The Philadelphia Orchestra has had its share of troubles over the years, including an embarrassing brush with bankruptcy, but things sure sound like they are looking up, way up, these days.
Financial matters now seem more stable, and the hiring of a young dynamo from Montreal, Yannick Nezet-Seguin, as music director (this is his inaugural season) has sent a decidedly positive jolt into the organization.
That electricity could be easily felt Wednesday night when the Philadelphians visited the Kennedy Center for a concert presented by the Washington Performing Arts Society. I'm still feeling a little tingly from the exposure.
The program was heavy on the romanticism -- Korngold's Violin Concerto to start, with Baltimore's own Hilary Hahn as soloist; Bruckner's Symphony No. 7 to close -- but could not have been much more uplifting. There was a freshness and spontaneity in the music-making all evening.
The Korngold concerto's detractors invariably bemoan the schmaltzy, more corn-than-gold side of the piece (the composer re-used bits of his Hollywood film scores here), without noticing the ingenuity of the writing, the sincerity behind the unbridled lyricism.
Hahn's trademark sweetness of tone, purity of articulation and warmth of phrasing proved ideal for the concerto (and the solo Bach she offered as an encore). Giving the performance extra sweep was Nezet-Seguin, who provided supple partnering for the soloist and had the ensemble bringing out every shade of Korngold's vivid orchestral palette. A disarming, involving performance.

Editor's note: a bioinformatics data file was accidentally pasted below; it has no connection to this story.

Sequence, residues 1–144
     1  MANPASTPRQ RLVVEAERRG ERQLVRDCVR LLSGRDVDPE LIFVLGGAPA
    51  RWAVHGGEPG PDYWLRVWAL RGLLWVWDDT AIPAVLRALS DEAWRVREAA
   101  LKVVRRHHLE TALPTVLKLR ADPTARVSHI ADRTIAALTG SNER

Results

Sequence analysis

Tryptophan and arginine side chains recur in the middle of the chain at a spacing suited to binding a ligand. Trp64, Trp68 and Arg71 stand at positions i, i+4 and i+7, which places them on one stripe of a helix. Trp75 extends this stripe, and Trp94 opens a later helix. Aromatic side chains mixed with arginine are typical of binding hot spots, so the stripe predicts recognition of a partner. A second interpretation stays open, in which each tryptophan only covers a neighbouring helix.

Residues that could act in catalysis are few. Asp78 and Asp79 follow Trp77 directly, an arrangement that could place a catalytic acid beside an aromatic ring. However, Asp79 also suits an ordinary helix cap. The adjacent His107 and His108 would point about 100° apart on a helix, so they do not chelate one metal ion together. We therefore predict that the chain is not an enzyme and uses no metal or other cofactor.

Bruckner's profound and mountainous Seventh, a work haunted by Wagner's spirit, found an ardent champion in Nezet-Seguin. Conducting from memory, he provided a strong, underlying pulse that made the long symphony seem short, even when he allowed plenty of spaciousness (the Adagio, the heart and soul of this piece, was beautifully paced).
Nezet-Seguin did not always get the pianissimos he signaled for, but he sure had no trouble igniting fortissimos. The sonic impact of the loudest passages was invariably stunning; the eruption in the Adagio after the climactic cymbal crash was but one unforgettable example.
On a technical level, the intensely focused brass made an especially grand impression. The woodwinds were a valiant, vibrant section. And if the violins were not always seamless in tone, the strings overall had plenty of the fabled "Philadelphia sound" of yore.
Throughout the performance, Bruckner's vision could be deeply savored -- just as deeply as the remarkable bond that seems to have formed quickly between Nezet-Seguin and this venerable American orchestra.
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